My stack of books sat there to be read. I had chosen “A Whisper of Peace” by Kim Vogel Sawyer to be reviewed for very special reasons, but the book sat amongst the stacks of review books for quite a long time. Then the day came that I picked up, “A Whisper of Peace” and began reading from cover to cover, all 349 pages of it, and I asked myself why had I waited so long?
Clay Selby and his sister Vivian travel to Alaska as missionaries to set up a church and school among the Athabascan Indians during the gold rush. Both Clay and his sister Vivian befriend a young woman, Lizzie who has been ostracized by her tribe for having a white father.
Key points about the book are forgiveness and salvation; both are very well written into the story.
I had specifically requested to read “A Whisper of Peace” by Kim Vogel because I lived in Alaska when I was a child for several years. I also spent time with many missionaries while in Alaska as a child as well as with the Native Americans.
The only place that was recognizable in the book was Mt Denali which we called Mt. McKinley when I was a child. I really have no complaints about the book, except for more “real” Alaska. Anyone who has ever lived in Alaska, knows that its beauty is beyond all description.
Overall, this book is 5 out of 5 stars. It may be a little wordy near the end, but it is well worth reading. It is appropriate for high school girls through adults.
I received this book for free from Bethany House Publishers.
Lizzie Dawson is a young woman of mixed blood: born of a white father and a mother from a native tribe of Athabascans in the Alaskan Territory. Lizzie grew up as an outcast because the tribe had banished her mother after her marriage to a white man. When Lizzie’s father had made his fortune in trapping and fur trading, he returned to California to begin a new life, abandoning both his wife and child. After her mother died, Lizzie continued to live alone in the cabin that her father had built, completely self-sufficient in caring for herself and her sled dogs. She had dreams of fulfilling her mother’s dying request that Lizzie be reconciled with her grandparents and be accepted back into the village. A few years had passed since her mother’s death and so far she had not found a way to honor her mother’s request.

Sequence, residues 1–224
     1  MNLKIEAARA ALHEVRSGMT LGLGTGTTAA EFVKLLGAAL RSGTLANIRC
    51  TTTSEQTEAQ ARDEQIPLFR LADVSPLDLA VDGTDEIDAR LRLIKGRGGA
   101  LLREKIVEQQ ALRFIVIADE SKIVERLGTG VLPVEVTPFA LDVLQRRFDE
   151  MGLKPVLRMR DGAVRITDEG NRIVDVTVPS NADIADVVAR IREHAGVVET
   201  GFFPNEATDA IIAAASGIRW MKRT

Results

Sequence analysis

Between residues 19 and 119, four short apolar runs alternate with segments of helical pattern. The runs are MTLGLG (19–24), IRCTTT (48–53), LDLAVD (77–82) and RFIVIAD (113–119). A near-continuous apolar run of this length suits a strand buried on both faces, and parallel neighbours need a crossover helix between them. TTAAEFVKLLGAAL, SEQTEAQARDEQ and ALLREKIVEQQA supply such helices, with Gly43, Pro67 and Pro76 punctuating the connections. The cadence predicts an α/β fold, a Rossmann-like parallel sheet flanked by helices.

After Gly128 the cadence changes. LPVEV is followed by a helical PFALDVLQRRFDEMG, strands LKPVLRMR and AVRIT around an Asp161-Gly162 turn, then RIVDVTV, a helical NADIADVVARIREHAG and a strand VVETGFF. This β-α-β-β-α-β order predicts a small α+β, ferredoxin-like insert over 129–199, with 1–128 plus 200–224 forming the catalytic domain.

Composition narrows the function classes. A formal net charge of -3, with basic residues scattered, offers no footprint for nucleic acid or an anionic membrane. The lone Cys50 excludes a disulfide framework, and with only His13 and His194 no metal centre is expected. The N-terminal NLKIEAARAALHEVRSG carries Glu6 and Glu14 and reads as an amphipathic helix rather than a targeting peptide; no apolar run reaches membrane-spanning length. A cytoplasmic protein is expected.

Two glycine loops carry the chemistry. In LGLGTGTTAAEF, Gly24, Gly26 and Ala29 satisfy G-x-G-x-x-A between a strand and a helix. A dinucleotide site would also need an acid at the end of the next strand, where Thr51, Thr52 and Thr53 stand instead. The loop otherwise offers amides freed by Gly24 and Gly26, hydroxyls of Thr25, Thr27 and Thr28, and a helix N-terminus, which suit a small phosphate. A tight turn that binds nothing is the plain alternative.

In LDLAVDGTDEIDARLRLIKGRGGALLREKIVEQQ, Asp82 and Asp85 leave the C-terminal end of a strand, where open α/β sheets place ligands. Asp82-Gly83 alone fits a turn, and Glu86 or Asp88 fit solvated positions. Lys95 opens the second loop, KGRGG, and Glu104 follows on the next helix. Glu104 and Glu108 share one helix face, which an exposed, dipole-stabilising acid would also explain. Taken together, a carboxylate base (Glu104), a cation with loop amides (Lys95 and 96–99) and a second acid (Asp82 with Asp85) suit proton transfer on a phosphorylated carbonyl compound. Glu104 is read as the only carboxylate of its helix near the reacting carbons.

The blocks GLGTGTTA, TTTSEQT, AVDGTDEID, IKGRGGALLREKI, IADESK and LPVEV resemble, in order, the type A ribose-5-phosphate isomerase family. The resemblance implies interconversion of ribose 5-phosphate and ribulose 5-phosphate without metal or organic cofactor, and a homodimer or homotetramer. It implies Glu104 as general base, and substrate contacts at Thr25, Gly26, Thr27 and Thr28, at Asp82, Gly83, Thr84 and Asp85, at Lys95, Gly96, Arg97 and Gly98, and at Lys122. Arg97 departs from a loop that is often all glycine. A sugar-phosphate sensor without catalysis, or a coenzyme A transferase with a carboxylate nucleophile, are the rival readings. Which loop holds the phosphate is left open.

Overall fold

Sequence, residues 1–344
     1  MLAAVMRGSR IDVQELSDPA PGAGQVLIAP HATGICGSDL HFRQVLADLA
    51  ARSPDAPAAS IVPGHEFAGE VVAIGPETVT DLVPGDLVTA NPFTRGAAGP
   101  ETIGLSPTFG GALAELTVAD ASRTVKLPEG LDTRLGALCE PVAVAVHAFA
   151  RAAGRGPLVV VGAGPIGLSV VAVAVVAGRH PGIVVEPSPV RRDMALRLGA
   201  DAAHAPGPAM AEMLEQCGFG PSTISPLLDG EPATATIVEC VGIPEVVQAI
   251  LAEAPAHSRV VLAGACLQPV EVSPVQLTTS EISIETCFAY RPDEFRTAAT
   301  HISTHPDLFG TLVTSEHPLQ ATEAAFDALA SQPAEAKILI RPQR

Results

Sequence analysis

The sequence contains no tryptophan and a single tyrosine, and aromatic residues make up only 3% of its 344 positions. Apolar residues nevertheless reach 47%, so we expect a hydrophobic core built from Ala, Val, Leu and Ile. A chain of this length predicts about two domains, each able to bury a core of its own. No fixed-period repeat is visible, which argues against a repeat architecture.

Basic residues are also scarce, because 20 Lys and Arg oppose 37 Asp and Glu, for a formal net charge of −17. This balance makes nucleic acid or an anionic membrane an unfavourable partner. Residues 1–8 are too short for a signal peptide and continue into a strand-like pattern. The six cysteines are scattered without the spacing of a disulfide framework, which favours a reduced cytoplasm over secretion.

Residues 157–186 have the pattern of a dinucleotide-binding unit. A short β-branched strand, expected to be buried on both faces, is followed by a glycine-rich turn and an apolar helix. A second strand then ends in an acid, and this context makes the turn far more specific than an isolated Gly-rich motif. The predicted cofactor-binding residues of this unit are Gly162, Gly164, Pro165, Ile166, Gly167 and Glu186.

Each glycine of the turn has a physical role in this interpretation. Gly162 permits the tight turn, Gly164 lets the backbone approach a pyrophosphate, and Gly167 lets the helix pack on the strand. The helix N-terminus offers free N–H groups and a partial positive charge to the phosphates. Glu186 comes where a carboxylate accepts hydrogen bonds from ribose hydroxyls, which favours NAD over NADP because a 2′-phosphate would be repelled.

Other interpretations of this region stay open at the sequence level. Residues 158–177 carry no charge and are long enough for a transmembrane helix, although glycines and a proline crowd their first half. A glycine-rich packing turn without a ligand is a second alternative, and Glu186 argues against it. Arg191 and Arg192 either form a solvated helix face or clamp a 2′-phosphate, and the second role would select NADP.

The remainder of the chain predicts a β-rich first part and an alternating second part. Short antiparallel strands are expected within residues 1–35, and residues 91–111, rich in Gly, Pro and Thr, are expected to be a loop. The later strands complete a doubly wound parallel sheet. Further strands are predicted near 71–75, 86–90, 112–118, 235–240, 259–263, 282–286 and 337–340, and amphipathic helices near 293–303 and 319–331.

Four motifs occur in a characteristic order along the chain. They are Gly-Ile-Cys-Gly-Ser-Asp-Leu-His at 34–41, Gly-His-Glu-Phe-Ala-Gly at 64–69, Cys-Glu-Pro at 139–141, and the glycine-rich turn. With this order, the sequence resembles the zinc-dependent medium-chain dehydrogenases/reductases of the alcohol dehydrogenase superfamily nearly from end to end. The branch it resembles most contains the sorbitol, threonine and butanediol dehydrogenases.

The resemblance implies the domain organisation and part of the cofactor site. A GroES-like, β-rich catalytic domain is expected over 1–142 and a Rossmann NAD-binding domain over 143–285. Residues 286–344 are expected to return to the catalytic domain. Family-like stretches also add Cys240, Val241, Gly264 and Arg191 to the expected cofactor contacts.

Little did Lizzie know how much her world was going to change when Clay Selby, a missionary, and his step-sister Vivian, who was a teacher, arrived in the village to set up a church and school among the Athabascans. Besides becoming friends with the people of the village, Clay and Vivian wanted to also befriend Lizzie and were puzzled as to why she was ostracized by her tribe. Clay felt led to intercede for Lizzie, but her grandfather angrily told Clay that he and Vivian would have to make a choice between friendship with Lizzie or ministering to the natives. Also, Clay was coming to realize that his interest in Lizzie was more than just seeking a casual friendship. Would he really be forced to make a choice? What did the future hold for all of them? Would the God of Clay’s faith who brought him to the Alaskan Territory supply his needs and give him guidance as he faced these challenges?
This novel written by Kim Vogel Sawyer is the first of hers that I’ve read. It was a swiftly moving story, flowing and well-written. The author took time to give depth to the characters, along with detail that kindled my imagination. I have no reservations about this book and would highly recommend it.
*This book was received free in exchange for my unbiased review through Bethany House Book Reviewers.
The first book I picked up by Kim Vogel Sawyer was My Heart Remembers. I loved it. Which is why I kept reading her books. And which is why I was a bit disappointed with her newest A Whisper of Peace.